Getting To Know You

After looking back over the work that we’ve done – readings, analyses, dialogues, etc. – I wanted to evaluate more cohesively (or rather, broadly over the scope of interpersonal communication) this notion of the underlying defense of the “self” in communication and the “person” we portray to others as ourselves. This idea intrigues me, perhaps, because I feel that in his “Great Debates” blog post, Johnniedrama was able to successfully describe my personality (with having only very limited conversations with me – in cyberspace). What I found more interesting (and this, I feel, is a key distinction!), however, is that his description of my “cyber-space personality” more closely aligns with my Myers-Briggs personality type than people who I meet and work with (in group settings) would be likely to describe.

And now, with that topic in mind, I set out to explore the Group Dynamics weblog. The first post I clicked on was entitled, “Time To Decide, What Will You Create?”. Steph writes, “The challenge is to craft agreement and participation.” True, and while this may not have to do with my interest of investigating the topic of creating our “selves,” it certainly is an important point to consider when working with each other. After reading through the entry and posts – and finding mention of the idea of conveying one’s “self” in akademakid’s comment – I returned to the main page.

In a comment made in response to “What are you/we going to produce?!”, moses84 agrees with akademakid’s belief that he/she is “censoring” what he or she is putting into writing or in the blog. Moses84 states, “I also find myself holding back what I think in order to make sure that I am heard clearly, and what I’m saying is not taken in as noise,” demonstrating an understanding of effective group communication but also an awareness of the vulnerability (or portrayal) of “self.”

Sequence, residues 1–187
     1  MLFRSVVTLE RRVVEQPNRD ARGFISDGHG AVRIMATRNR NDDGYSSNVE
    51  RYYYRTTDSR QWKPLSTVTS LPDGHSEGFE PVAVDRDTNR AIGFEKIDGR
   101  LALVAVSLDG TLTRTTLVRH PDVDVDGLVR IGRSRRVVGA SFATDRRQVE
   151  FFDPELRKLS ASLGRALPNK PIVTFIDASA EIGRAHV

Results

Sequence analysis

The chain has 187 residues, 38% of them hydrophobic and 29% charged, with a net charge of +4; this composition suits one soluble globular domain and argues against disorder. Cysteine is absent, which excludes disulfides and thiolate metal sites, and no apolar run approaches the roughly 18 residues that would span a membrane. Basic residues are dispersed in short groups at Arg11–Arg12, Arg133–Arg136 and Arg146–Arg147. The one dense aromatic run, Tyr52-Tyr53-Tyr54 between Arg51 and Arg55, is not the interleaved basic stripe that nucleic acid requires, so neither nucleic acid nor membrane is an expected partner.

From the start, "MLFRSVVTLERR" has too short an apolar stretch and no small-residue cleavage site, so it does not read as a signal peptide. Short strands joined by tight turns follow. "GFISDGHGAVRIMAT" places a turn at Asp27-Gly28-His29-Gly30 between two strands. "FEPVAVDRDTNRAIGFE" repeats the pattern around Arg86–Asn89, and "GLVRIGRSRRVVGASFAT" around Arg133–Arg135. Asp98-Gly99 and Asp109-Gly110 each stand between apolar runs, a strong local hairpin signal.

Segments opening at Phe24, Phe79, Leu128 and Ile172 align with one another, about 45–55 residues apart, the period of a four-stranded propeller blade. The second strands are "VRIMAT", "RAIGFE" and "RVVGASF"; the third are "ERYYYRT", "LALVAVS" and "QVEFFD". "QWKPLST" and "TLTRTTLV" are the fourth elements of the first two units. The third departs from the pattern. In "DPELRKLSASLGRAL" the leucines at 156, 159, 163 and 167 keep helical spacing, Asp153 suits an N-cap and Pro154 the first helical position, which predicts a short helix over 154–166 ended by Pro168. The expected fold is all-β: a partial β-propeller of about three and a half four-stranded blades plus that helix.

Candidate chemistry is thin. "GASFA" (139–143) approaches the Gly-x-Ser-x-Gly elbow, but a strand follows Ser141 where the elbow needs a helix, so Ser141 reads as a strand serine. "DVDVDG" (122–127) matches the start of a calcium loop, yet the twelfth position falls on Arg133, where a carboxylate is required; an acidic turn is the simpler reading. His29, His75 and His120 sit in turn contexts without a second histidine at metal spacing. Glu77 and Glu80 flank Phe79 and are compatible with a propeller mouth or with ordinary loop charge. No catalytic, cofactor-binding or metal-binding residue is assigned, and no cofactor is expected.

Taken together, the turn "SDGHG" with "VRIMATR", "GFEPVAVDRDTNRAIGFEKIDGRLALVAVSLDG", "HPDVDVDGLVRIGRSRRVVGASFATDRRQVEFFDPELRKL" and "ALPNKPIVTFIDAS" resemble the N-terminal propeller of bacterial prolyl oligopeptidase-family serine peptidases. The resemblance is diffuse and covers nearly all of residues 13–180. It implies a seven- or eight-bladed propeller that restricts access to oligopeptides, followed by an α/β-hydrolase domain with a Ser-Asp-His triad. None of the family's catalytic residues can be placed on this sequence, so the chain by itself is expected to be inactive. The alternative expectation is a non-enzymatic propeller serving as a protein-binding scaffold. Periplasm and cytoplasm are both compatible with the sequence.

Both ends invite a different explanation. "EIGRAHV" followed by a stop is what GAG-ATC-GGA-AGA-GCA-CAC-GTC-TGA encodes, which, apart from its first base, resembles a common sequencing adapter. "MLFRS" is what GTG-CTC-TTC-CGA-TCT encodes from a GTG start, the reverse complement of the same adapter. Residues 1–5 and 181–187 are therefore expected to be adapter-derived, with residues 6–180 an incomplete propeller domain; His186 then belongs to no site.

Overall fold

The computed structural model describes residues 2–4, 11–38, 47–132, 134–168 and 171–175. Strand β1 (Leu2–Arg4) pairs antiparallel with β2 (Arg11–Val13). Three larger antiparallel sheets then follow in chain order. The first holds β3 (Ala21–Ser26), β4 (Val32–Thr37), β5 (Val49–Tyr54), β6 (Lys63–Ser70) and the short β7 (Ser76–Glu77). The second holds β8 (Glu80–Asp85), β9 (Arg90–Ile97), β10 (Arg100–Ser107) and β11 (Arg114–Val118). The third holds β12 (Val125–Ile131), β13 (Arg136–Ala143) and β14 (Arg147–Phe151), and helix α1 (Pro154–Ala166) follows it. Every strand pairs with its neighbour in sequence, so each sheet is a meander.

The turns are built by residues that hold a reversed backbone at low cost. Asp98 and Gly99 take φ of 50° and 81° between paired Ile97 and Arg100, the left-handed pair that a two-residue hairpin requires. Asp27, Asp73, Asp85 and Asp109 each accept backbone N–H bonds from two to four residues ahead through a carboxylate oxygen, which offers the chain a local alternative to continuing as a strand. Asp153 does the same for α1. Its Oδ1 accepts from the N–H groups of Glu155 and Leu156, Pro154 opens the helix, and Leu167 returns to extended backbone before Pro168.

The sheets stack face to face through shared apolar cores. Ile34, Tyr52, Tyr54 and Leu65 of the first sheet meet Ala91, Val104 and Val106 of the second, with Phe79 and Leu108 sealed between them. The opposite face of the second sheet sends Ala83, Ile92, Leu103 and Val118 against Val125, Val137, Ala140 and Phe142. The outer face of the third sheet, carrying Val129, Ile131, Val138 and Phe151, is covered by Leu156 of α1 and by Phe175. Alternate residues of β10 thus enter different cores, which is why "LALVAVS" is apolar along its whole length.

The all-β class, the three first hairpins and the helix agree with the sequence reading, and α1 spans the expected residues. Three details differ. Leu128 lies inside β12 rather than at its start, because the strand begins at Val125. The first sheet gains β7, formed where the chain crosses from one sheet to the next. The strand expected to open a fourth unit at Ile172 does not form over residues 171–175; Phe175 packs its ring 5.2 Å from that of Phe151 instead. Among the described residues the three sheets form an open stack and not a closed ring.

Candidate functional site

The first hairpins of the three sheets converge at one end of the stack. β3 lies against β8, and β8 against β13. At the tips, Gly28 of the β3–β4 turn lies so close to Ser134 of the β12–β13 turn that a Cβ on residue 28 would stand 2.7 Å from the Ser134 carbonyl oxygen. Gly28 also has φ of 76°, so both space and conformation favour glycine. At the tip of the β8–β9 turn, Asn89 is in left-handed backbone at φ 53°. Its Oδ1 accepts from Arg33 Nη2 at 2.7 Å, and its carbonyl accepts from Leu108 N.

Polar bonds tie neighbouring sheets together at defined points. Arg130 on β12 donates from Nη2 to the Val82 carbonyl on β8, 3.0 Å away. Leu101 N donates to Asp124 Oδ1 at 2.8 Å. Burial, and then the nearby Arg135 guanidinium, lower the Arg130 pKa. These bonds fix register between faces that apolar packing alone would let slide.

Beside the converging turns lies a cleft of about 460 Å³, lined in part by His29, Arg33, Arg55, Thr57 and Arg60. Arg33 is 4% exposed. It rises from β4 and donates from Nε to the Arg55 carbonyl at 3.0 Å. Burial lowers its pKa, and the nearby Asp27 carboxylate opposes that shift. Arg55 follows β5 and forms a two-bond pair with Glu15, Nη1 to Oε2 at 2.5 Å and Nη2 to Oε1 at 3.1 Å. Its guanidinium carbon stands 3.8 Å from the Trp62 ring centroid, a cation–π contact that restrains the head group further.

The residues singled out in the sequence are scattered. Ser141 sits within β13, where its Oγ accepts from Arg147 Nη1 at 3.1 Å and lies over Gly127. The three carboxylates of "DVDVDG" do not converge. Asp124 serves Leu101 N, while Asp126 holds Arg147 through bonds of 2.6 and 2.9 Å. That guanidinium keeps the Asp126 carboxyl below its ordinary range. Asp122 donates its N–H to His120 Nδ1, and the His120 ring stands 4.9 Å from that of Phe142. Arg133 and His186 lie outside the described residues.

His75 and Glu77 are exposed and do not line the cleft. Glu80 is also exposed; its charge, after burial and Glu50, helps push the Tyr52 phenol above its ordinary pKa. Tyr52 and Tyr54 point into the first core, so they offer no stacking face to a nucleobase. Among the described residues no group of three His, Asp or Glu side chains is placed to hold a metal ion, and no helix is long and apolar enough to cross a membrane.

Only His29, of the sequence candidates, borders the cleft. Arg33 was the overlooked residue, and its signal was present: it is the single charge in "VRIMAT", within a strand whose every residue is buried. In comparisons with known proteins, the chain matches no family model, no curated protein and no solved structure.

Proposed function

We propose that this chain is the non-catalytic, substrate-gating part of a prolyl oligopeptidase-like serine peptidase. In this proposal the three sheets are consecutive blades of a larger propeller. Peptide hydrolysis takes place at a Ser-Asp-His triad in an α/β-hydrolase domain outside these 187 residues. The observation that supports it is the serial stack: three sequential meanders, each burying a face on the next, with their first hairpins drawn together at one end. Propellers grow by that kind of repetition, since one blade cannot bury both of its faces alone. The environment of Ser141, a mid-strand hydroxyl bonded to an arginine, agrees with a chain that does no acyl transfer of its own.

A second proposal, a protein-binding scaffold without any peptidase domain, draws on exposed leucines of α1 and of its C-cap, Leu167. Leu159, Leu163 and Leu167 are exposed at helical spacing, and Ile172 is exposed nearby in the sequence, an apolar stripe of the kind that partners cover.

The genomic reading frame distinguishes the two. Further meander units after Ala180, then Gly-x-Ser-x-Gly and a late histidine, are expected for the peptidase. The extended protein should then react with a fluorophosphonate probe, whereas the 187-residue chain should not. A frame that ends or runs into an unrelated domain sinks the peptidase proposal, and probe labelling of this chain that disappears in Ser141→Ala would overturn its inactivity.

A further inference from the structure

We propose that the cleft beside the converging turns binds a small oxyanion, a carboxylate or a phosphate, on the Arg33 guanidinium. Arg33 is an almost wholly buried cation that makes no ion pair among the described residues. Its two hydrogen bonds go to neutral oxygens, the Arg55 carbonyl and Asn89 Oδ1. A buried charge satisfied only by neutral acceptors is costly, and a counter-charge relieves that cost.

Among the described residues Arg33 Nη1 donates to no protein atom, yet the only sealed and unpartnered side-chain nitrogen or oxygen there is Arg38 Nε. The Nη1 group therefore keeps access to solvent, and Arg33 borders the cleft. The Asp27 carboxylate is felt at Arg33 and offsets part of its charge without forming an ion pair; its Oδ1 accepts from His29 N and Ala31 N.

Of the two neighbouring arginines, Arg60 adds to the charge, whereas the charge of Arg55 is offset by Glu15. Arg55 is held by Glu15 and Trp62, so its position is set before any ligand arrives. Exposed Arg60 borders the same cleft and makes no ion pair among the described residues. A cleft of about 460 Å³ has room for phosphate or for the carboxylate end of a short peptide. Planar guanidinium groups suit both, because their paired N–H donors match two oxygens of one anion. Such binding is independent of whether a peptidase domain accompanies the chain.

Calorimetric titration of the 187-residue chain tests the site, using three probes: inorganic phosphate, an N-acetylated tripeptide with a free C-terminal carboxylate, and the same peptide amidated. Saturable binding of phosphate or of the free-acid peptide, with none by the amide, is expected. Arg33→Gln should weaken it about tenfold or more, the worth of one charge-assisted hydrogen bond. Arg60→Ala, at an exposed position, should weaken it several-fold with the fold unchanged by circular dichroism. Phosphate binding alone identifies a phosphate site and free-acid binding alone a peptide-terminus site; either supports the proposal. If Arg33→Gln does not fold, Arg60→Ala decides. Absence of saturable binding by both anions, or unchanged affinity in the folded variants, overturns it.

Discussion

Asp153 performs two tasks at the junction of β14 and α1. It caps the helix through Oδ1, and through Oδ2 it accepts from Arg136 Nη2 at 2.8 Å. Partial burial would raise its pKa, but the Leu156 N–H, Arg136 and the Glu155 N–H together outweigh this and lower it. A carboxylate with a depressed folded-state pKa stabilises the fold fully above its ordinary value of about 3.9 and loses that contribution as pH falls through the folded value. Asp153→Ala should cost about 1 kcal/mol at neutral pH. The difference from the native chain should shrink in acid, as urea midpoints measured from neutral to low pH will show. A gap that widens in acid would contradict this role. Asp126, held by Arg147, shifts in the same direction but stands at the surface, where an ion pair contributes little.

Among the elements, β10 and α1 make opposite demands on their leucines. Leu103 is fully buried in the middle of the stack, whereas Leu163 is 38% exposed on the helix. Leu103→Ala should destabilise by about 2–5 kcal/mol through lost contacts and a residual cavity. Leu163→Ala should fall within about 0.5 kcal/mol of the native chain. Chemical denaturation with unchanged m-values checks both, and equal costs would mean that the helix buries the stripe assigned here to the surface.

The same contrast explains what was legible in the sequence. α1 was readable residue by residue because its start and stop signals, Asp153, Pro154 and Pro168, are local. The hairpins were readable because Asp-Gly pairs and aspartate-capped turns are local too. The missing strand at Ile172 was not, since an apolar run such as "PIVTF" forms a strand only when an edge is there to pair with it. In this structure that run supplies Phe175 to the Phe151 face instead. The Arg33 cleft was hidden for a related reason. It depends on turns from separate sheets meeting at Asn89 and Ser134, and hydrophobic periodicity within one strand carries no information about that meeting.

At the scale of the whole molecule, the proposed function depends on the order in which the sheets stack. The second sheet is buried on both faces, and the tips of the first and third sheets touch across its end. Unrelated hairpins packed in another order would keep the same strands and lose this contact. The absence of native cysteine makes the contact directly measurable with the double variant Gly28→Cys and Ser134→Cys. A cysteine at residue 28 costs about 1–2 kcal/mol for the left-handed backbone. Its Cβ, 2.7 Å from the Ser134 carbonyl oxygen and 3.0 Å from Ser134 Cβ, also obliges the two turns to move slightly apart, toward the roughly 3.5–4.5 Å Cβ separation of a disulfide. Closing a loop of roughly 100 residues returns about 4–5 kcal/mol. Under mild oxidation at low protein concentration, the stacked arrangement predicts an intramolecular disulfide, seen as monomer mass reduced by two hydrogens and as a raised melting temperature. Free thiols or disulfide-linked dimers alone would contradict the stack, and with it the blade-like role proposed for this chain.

After scanning quite a few subsequent posts (after the initial getting-to-know-you), I came across some interesting comments in response to “reminder: After Dachau” (more along the lines of, now-that-we-know-each-other-these-perceptions-have-changed). Right off the bat, ehanft refers to a change in comfort level amongst the class. Watching the subsequent conversation progress, it is fairly clear to note that the “optimistic” or “positive” posts focus on the common goal of the class – to create a wiki site. I liked abccccc‘s comment, “This is the only class that I can remember all the names of my classmates.” But I loved the posts that appeared after Steph’s comment and analyzed the former posts. Churchofgoogle, aligirl22, ap1115, and others identified and evaluated behaviors and traits of their fellow classmates (?). Granted, it is my understanding that these bloggers know each other in person (as classmates) in addition to cyber communications – but they more than able to pick up on seemingly subtle characteristics demonstrated in online dialogue.

So, I must ask the question I so eagerly ask of other studies: Why is this so important?! Perhaps my other group members (or others!) will be able to answer with a different viewpoint, but it seems pretty clear to me that we are constantly creating (and defending) our “selves” (whether we intend to or not). Further (and this is an important consideration with group work), others take in and interpret the “selves” that we present – and react (arguably, defending their “selves”) accordingly. So… again, this is important because we should be conscious of the “selves” that we are presenting – if we are aware that we may be “on the defense” we can make a conscious effort to soften those defenses, and at the same time be aware that other group members (fellow communicators, etc.) may feel similarly.


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